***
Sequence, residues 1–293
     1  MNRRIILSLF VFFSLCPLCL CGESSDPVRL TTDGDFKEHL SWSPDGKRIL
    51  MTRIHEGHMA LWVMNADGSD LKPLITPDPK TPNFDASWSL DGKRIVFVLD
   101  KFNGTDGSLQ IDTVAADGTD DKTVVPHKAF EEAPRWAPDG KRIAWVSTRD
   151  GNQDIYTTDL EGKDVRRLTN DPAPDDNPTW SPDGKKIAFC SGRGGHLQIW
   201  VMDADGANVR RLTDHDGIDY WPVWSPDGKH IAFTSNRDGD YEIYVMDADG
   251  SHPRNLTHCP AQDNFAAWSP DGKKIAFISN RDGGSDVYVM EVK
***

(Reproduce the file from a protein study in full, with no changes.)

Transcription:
Sequence, residues 1–293
     1  MNRRIILSLF VFFSLCPLCL CGESSDPVRL TTDGDFKEHL SWSPDGKRIL
    51  MTRIHEGHMA LWVMNADGSD LKPLITPDPK TPNFDASWSL DGKRIVFVLD
   101  KFNGTDGSLQ IDTVAADGTD DKTVVPHKAF EEAPRWAPDG KRIAWVSTRD
   151  GNQDIYTTDL EGKDVRRLTN DPAPDDNPTW SPDGKKIAFC SGRGGHLQIW
   201  VMDADGANVR RLTDHDGIDY WPVWSPDGKH IAFTSNRDGD YEIYVMDADG
   251  SHPRNLTHCP AQDNFAAWSP DGKKIAFISN RDGGSDVYVM EVK